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News Story
4 June 2020

How is COVID-19 impacting your work, life and food security? The results of our network survey.

Photo: Sujeeth Potla/ Unsplash

The COVID-19 pandemic is already having an effect on food and nutrition security all over the world. In our April newsletter, we asked our members how COVID-19 is affecting their life and work. What information is missing? And what activities could help our members in these turbulent times?

The aim was to understand how we can support our members and their organizations in building resilience and tackling this crisis.

On the first survey question: “How is COVID-19 impacting your work, life and food security?” 45% of respondents mentioned that the pandemic response has limited their ability to generate their normal level of income because of interruptions in work. An additional 30% also brought up that disruptions in food production and subsequent rise in food prices, which will indirectly have an impact on their monthly costs and everyday life.

Our members also expressed general concern about smallholders who are experiencing restricted access to markets and farming inputs and can’t be reached by extension services due to lock downs and value-chain interruptions. This state of affairs could further complicate and decrease food production over time, driving food prices up.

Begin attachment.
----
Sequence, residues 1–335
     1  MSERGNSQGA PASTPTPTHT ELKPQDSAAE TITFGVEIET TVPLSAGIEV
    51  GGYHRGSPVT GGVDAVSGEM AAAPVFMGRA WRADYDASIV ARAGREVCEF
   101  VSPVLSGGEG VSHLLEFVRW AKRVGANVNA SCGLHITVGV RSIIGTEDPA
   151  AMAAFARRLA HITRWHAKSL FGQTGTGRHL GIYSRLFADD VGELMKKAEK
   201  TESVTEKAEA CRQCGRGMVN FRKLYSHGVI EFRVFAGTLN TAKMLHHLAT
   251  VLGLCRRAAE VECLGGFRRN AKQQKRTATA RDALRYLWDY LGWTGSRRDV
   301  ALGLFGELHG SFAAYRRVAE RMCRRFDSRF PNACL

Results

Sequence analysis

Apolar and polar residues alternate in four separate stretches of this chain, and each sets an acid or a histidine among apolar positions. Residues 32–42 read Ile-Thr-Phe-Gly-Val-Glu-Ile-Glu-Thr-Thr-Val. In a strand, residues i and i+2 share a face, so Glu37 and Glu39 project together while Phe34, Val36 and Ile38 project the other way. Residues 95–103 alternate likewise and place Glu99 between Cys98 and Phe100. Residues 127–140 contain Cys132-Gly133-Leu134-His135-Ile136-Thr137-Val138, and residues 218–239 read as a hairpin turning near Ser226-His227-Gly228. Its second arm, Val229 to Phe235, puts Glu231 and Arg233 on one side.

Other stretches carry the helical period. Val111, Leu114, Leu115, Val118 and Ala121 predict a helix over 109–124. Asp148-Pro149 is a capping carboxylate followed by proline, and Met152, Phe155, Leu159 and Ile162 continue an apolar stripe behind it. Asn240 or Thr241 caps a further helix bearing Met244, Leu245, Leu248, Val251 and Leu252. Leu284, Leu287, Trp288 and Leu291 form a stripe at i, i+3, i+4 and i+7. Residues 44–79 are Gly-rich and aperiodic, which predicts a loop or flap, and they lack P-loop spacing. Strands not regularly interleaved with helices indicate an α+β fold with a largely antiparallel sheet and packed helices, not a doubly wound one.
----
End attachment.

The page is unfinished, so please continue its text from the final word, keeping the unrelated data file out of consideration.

Regarding the immediate needs in developing regions, those mentioned were dominated by the lack of protection materials and the access to safe sanitation services. Many also mentioned that they need food, seeds and land. The vast majority, however, said that the most urgent need reliable and accurate information and education. There is an alarming need for education on safety procedures, hand washing, crisis management for farmers as well as general updates about testing procedures and the current trends of disease spread. Importantly, respondents mentioned that they do not know how tests are carried out and if they hurt, which make people hesitant to partake in testing.

Many respondents mentioned that they expect their governments to improve the quality of life of patients and their families facing the problem associated with a life-threatening illness. Many are also requesting subsidies, financial aid and, in some cases, that important stores are open, for example, to sell farming inputs and ensure food productivity.

We received a number of responses from all around the globe, from 10 different countries, and representing a wide variety of organizations. A majority of the respondents to the survey were from low- and medium-income countries and only about 10% were from Sweden. Nigerians represented the largest share of respondents, namely 30% followed by Ghana, Sweden, Tanzania and Kenya with about 10% each. We acknowledge that while the quality of the data we collected is high and representative of our network, the sample is too small to draw any conclusions about the different country responses.

The final part of the survey aimed to identify areas in need of continued attention that are overlooked because of the COVID-19 crisis. The respondents identified a diverse set of key areas that require continued focus and action, potentially even more so because of the global pandemic. These areas include food security, financial aid, as well as climate change and the urgent need for building a resilient socio-ecological society.

Thank you all for taking the time to respond to our survey and for sharing your candid insights! In the upcoming months, we will be working on content that could help you navigate this crisis.